Actually, some places in our own home had also set a precedent in this regard. A few years ago I had the risers and skirt of my stairs painted white, while the steps stayed dark.UNADJUSTEDNONRAW_thumb_38ee

Last year I had the oak cabinets in my basement painted white along with the book case in our front parlor. My husband liked these changes. But still he was reluctant to have other wood in the house painted.

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Parlor bookcase – former brown blob

Finally he agreed that what we needed was a “test room.” We chose the room that our granddaughter sleeps in when staying at our home. It has one window, two doors and, of course, baseboard.    It would be a relatively simple paint job but would illustrate the wood and white look for him.  So we called our trusty painter who two weeks ago painted the doors and trim in this room to showcase how other rooms would look.  UNADJUSTEDNONRAW_thumb_38f6

 

My husband finally agreed that the look was one he could live with, but still wanted to retain stained wood in certain key areas: two of my husband’s bookcases, and the maple wainscoting in our entrance foyer. Our painter, who works in houses new and old every day, also believed that the foyer wainscoting at least should stay stained since he viewed

this as a statement feature.UNADJUSTEDNONRAW_thumb_38ef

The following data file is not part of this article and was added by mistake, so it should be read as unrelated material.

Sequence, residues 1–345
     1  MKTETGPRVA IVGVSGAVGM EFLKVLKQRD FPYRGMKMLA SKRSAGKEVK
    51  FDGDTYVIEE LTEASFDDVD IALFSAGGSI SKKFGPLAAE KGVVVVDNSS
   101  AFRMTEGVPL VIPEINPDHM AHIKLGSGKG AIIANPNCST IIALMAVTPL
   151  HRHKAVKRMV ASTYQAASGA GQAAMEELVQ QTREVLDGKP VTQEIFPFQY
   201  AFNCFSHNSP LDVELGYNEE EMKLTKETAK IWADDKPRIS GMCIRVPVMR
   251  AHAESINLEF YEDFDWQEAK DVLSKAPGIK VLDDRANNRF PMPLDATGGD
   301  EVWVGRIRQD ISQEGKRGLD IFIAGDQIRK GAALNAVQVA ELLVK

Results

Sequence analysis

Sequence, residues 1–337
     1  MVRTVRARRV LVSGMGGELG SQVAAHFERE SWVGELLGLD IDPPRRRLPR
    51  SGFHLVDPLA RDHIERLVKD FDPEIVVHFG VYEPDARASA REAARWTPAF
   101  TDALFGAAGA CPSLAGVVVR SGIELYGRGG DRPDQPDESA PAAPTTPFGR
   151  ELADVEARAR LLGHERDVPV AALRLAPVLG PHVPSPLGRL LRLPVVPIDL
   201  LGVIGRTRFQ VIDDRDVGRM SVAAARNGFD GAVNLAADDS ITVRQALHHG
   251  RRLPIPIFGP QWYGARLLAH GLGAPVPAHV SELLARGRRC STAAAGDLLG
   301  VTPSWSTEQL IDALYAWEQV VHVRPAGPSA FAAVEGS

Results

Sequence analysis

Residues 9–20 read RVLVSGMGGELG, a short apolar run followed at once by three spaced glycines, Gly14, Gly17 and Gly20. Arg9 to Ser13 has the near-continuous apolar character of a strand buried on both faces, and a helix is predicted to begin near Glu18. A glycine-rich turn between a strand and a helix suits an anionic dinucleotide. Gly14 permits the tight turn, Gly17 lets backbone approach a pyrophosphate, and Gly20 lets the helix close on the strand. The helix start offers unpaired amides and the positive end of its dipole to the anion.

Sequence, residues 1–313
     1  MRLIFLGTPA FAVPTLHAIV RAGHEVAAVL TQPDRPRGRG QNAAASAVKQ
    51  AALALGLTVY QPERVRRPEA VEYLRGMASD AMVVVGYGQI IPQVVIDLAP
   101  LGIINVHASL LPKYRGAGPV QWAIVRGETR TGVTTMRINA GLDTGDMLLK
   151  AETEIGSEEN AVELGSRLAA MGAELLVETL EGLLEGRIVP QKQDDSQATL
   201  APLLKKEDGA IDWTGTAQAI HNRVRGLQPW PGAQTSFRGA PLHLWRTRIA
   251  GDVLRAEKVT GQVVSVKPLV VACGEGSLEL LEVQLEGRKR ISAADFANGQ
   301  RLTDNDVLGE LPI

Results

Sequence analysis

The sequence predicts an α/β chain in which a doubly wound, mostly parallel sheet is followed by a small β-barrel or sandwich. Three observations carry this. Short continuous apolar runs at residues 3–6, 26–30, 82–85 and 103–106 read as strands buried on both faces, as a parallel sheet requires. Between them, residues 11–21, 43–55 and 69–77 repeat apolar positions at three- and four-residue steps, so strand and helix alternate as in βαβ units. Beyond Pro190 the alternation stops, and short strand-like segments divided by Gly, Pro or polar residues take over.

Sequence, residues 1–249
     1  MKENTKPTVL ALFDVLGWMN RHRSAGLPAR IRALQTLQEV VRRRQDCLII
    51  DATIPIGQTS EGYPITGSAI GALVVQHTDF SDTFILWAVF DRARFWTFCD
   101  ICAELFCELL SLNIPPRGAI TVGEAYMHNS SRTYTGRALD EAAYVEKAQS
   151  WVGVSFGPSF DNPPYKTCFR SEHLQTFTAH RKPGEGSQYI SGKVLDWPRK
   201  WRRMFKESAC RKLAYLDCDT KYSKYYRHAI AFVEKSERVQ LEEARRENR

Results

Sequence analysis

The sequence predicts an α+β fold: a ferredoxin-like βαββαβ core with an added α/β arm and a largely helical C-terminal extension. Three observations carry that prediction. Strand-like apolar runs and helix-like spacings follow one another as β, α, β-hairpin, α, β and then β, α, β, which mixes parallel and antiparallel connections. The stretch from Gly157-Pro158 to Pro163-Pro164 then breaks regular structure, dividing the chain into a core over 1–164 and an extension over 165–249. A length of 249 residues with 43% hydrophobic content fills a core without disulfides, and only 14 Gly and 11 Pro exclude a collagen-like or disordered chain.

And the foyer hallway leads into the kitchen.  Our kitchen cabinets will remain stained but the other kitchen trim – crown molding other than that directly  above the cabinets,  door jambs and baseboards will be painted white.

We have now commissioned our painter to come back to finish the painting of our woodwork in the next several weeks. In a future posting I’ll show you how it turns out. After all of this negotiation, the white-woodwork elephant is finally giving birth! A project that even my husband will love. I hope!

 

ON THE CUSP

For dreary February and so far in March, it seems like every second has been occupied in one way or another, thus my delay in blogging since early February! I’m in one of those periods of time when I’ve been a bit over-extended and that accounts for this delay! I’m enjoying everything I’m doing but realize that there’s been a bit of a traffic jam regarding my commitments that is gradually easing up.

If you read this blog or follow me on Instagram at all, you know that the time of year we are about to enter, Spring, has always been the time when I come out of dormancy (although I’ve not enjoyed much dormancy this year!!) and feel re-energized!